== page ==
Chapter Four of Part Two of Lebanon’s Constitution extensively details the role of the “Executive Power,” which comprises the president of the republic, the prime minister and the Cabinet. Within Chapter Four, 15 articles – Articles 49 through 63 – specify the prerogatives and duties of the president. Following is a selection that summarizes the most significant aspects of the president’s role: Article 49 The president of the republic is the head of the state and the symbol of the nation’s unity. He shall safeguard the constitution and Lebanon’s independence, unity, and territorial integrity. The president shall preside over the Supreme Defense Council and be the commander-in-chief of the Armed Forces, which fall under the authority of the Cabinet.
The president of the republic shall be elected by secret ballot and by a two-thirds majority of the Chamber of Deputies. After a first ballot, an absolute majority shall be sufficient. The president’s term is six years. He may not be re-elected until six years after the expiration of his last mandate. No one may be elected to the presidency of the republic unless he fulfills the conditions of eligibility for the Chamber of Deputies.
It is also not possible to elect judges, grade-one civil servants or their equivalents in all public institutions to the presidency during their term or office or within two years following the date of their resignation and their effective cessation of service, or following retirement.
Article 50 Upon assuming office, the president of the republic shall take an oath of fidelity before the Parliament, to the nation and the Constitution, in the following terms: “I swear by Almighty God to observe the Constitution and the laws of the Lebanese nation and to maintain the independence of Lebanon and its territorial integrity.”
Article 53 1. The president of the republic presides over the Cabinet when he wishes without participating in voting.
2. The president of the republic shall designate the prime minister in consultation with the Parliament speaker based on binding parliamentary consultations, the content of which he shall formally disclose to the latter.
3. He alone shall issue the decree which designates the prime minister.
4. He shall issue, in agreement with the prime minister, the decree appointing the Cabinet and the decrees accepting the resignation of ministers or their dismissal.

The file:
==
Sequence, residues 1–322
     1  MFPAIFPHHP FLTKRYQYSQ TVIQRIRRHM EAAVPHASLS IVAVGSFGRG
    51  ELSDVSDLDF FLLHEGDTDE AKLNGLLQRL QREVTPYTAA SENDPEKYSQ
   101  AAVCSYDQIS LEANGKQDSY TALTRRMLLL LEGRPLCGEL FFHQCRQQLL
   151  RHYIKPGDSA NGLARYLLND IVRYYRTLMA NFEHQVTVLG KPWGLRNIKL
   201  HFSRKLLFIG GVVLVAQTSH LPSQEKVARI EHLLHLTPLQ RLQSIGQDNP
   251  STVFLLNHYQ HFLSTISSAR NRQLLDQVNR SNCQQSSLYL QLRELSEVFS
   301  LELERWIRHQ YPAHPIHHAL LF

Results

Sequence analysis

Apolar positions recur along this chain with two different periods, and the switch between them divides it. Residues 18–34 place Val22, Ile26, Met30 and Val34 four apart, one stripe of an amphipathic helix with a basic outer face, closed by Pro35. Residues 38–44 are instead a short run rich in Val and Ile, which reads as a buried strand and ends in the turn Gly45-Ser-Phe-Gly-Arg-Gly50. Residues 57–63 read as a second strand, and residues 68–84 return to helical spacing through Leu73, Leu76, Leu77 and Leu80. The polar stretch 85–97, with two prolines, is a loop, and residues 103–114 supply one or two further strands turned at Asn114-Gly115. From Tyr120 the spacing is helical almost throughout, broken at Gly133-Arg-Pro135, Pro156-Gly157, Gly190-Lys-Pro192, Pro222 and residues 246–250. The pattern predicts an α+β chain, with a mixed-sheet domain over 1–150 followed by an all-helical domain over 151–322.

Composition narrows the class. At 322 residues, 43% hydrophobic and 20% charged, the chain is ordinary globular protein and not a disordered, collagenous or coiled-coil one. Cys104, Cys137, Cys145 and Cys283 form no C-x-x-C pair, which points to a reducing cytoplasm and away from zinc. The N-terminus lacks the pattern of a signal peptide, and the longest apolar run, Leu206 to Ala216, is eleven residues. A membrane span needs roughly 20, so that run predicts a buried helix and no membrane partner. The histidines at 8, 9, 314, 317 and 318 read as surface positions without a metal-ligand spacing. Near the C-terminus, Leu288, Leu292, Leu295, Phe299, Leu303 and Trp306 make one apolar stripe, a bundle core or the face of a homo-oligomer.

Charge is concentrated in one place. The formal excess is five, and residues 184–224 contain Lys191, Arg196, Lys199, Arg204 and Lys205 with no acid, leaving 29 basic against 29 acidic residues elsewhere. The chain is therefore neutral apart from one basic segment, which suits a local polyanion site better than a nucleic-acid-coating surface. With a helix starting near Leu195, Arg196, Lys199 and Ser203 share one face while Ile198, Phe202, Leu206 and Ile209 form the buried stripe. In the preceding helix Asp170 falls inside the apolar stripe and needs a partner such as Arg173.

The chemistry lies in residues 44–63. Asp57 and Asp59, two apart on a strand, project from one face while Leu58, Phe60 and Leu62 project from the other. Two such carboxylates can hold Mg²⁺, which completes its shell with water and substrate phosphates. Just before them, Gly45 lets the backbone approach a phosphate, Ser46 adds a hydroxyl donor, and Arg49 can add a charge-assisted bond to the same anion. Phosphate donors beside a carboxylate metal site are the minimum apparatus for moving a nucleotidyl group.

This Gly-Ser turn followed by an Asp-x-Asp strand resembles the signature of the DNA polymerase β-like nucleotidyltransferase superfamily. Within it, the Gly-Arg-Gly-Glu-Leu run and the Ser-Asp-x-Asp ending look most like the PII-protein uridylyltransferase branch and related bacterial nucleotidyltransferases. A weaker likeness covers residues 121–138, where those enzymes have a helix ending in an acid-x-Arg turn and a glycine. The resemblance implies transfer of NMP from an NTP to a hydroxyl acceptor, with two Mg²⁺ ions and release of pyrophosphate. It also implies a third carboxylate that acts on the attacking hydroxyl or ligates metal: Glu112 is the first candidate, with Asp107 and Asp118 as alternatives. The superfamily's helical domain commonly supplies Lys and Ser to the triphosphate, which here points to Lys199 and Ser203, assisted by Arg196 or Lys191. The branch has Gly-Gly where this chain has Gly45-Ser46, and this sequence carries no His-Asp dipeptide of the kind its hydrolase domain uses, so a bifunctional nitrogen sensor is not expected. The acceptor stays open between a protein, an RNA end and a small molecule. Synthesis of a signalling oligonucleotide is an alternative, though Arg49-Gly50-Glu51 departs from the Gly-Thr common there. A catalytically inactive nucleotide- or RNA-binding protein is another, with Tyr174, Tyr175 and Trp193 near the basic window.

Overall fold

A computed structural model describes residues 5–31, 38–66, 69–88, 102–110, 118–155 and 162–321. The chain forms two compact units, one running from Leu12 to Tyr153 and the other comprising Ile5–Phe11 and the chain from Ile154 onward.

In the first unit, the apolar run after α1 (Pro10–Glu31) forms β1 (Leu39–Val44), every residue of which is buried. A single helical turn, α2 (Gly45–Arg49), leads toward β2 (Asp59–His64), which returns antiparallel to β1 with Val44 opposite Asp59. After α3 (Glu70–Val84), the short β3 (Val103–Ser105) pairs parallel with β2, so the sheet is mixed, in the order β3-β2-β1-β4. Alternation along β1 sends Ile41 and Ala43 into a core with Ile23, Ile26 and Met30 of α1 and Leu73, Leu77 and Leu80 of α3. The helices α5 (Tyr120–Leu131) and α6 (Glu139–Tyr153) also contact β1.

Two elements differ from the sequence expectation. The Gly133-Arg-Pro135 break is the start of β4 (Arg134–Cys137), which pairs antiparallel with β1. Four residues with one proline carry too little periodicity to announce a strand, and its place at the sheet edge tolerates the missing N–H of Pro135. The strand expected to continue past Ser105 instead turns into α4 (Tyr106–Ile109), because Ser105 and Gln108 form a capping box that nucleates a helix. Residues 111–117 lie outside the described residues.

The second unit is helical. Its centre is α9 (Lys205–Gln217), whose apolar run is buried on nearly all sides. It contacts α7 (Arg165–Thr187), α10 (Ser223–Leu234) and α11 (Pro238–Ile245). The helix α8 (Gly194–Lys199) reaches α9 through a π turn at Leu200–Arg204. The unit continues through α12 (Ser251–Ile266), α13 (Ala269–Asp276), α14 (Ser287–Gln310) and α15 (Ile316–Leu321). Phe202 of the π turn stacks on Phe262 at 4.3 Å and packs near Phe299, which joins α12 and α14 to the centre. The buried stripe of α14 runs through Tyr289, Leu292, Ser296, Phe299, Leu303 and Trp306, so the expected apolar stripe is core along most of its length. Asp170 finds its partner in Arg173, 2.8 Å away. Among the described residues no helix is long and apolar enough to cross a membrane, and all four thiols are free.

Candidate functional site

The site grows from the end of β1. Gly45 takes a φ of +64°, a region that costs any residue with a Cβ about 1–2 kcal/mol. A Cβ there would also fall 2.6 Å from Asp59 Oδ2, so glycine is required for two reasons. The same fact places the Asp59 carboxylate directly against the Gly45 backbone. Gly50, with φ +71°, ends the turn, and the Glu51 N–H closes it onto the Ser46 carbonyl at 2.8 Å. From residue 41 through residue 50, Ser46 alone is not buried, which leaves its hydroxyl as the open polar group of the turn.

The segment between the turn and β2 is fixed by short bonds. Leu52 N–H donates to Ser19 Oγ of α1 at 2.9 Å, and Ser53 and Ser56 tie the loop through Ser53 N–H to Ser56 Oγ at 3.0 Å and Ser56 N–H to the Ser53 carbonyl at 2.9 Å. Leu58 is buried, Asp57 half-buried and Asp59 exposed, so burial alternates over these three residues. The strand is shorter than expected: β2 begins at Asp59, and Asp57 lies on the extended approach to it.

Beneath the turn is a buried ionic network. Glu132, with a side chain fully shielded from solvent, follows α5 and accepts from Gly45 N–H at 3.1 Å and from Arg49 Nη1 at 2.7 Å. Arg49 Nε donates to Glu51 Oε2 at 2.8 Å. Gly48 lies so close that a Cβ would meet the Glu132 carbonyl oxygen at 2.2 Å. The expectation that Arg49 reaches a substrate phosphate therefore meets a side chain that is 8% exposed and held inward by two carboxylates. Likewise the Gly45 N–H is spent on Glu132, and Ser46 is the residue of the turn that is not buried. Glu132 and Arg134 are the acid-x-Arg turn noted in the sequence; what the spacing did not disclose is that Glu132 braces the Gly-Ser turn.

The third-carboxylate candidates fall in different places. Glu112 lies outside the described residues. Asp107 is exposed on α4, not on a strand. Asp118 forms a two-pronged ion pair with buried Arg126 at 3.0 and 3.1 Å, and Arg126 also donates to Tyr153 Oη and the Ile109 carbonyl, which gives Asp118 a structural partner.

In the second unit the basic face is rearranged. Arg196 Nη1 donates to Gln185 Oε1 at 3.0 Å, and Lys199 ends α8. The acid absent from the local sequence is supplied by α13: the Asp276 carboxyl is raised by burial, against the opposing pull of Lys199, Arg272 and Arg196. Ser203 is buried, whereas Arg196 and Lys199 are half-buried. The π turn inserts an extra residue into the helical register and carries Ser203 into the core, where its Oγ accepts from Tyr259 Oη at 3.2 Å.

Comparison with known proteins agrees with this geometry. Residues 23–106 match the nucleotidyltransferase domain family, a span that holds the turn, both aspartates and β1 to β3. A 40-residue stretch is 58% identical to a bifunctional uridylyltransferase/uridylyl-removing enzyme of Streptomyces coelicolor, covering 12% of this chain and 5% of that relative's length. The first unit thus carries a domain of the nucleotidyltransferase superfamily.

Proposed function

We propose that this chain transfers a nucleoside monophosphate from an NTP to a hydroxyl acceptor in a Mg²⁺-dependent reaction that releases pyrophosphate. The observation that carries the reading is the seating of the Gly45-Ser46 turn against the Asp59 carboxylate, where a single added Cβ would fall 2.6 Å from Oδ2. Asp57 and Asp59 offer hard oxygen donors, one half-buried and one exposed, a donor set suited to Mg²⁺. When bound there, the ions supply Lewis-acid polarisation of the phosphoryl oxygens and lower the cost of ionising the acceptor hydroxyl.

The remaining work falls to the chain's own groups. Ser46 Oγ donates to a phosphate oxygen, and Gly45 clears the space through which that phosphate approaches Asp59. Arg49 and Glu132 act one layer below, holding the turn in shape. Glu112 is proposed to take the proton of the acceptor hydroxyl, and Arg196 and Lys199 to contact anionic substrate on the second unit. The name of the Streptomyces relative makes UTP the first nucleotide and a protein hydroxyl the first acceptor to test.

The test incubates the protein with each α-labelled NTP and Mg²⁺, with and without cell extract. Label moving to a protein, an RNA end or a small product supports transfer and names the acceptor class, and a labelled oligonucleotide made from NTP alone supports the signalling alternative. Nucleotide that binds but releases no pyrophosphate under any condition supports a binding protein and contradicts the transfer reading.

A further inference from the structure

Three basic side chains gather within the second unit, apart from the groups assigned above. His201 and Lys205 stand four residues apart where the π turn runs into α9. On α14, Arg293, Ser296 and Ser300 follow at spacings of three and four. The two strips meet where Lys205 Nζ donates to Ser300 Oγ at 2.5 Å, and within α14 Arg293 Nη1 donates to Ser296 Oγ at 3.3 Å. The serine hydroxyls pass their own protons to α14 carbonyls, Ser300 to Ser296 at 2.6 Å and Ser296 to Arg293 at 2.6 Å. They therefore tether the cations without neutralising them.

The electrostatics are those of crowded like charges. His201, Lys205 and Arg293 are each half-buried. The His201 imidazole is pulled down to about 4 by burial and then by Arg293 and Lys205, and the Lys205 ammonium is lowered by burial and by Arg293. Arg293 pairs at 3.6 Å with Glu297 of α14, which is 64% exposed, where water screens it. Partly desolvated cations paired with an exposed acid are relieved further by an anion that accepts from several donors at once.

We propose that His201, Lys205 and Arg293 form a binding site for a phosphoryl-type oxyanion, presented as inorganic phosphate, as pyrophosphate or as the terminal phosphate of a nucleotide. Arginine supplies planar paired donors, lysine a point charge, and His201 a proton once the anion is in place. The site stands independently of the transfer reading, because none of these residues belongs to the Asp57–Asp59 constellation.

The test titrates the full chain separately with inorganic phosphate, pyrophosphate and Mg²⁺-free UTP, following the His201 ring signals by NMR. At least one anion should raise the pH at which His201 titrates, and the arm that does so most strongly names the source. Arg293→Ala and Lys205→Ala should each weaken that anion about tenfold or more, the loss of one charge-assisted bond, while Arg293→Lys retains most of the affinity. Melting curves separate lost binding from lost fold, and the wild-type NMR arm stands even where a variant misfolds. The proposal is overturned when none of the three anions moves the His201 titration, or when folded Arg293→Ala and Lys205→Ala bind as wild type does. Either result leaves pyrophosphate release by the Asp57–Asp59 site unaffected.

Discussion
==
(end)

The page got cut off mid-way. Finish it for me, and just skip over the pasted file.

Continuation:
5. He alone shall issue the decrees accepting the resignation of the Cabinet or considering it resigned.
6. He shall forward to the Chamber of Deputies bills that are delivered to him by the Cabinet.
7. He shall accredit ambassadors and accept the credentials of ambassadors.
8. He shall preside over official functions and grant official decorations by decree.
9. He shall grant particular pardons by decree, but a general amnesty cannot be granted except by a law.
10. He shall address, when necessary, messages to the Parliament.
11. He may introduce, from outside the agenda, any urgent matter to the Cabinet.
12. He may, in agreement with the prime minister, call the Cabinet to an extraordinary session whenever he deems this it necessary.
Article 55 The president of the republic may, in accordance with the conditions stipulated in Articles 65 and 77 of this Constitution, ask the Cabinet to dissolve the Parliament before the expiration of its mandate. If the Cabinet, based on this request, decides to dissolve Parliament, the president shall issue the decree dissolving it, and in this case, the electoral bodies shall meet as provided for in Article 25, and the new Parliament shall be called to convene within fifteen days after the proclamation of the election. The Parliament’s bureau shall continue to function until the election or a new Parliament.
If elections are not held within the time limit specified in Article 25 of the Constitution, the decree dissolving Parliament shall be considered null and void, and the Parliament shall continue to exercise its powers according to the stipulations of the Constitution.